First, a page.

This “Defence Day” Pakistan must stop militarizing the public and spreading hate.

Every year on the 6th of September, Pakistan celebrates ‘Defence Day’ in which it commemorates its “victory” over India in the 1965 ‘Indo-Pak War’. The military takes out a parade in which it displays its latest armaments and missiles. A huge spectacle is created where there are songs sung in praise of the military. And this is even nationally televised.

The narrative of  India being the aggressor and that Pakistan had to defend their country from a “surprise Indian attack”, is all part of an elaborate scheme of the military to fool the public. Such false claims are also taught to children as part of their curriculum, as a result of which they grow up hating India. 

Although Pakistan had far less military and economic resources compared with India, the armed forces of Pakistan, filled with the spirit of jihad, forced an enemy many times bigger to face a humiliating defeat – a Pakistani textbook reads. 

But the fact is that, despite all such claims, Pakistan never won the war. 

The 1965 war was nothing short of a debacle for the Pakistani military. It began with Pak’s ‘Operation Gibraltar’ which was supposed to be a covert operation aimed at subverting Indian control over Kashmir. A key aspect of the plan was to supply the local population with arms in hopes that they would rise up in rebellion against the “tyrannical rule” of the Indians. But in reality, nothing of this sort happened. In fact, it was these locals that altered the Indian forces who clamped down on the Pakistani army, thus putting an end to any Pakistani military’s ambition.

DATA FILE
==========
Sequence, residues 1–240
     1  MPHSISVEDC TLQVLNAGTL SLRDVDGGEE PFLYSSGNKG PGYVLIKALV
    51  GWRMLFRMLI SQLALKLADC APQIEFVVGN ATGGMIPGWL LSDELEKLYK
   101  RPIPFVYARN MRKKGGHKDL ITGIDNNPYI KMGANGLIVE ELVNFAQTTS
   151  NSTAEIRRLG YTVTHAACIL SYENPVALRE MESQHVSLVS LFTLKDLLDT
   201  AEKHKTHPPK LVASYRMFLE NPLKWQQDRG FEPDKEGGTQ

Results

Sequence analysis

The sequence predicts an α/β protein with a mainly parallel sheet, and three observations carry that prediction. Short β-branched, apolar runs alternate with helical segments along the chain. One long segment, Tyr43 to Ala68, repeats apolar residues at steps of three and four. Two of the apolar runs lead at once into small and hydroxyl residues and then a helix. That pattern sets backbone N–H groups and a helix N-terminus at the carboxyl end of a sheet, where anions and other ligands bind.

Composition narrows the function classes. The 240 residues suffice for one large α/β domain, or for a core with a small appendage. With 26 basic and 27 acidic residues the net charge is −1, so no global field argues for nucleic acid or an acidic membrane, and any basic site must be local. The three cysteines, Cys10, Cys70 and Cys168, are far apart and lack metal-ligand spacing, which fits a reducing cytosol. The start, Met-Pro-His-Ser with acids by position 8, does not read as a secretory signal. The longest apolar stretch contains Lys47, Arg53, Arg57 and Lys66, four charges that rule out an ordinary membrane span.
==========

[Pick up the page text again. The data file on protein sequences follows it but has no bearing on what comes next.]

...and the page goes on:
But this is something that has been conveniently hidden from the public. 

Every year, the Pakistan army uses this opportunity to further militarize the Pakistani public. Claiming such false victories has become an innate feature of the Pakistani military for whom it has become essential in order to maintain its legitimacy in the eyes of the public. Creating a sense of fear and hatred of its neighbor, shadows them from any criticism and allows them to take over a substantial chunk of the dwindling Pakistani economy.  

The Pakistani authorities have even gone to the extent of destroying pieces of literature which narrate anything other than the narrative prescribed by the military, so much so that it even restricted a book by its own top ranked general.

 In 2002, Gen. Mehmood Ahmed released a book titled ‘Illusion of Victory’, which gives an apt narration of the 1965 war which was a series of military misadventures by the Pak forces. One would not be able to find a single copy of this book in the public. Much like this, there are numerous other works by Pakistani scholars who have attempted to correct all misconceptions regarding the war, but have met with stiff resistance from the authorities who continue on to claim victory against India. 

Such accounts of the war enumerate the various blunders committed by Pakistani military’s top brass which led to its humiliating loss, but this, like other facts, has been kept from the public. What Pakistan has won is the hearts and minds of its gullible citizens who continue to believe this myth and celebrate it each year. 

If Pakistan aspires for peace internally and externally, it must stop propagating such lies and start questioning the Pakistan Army, its military adventurism and its militarization of Pakistan and the region. 

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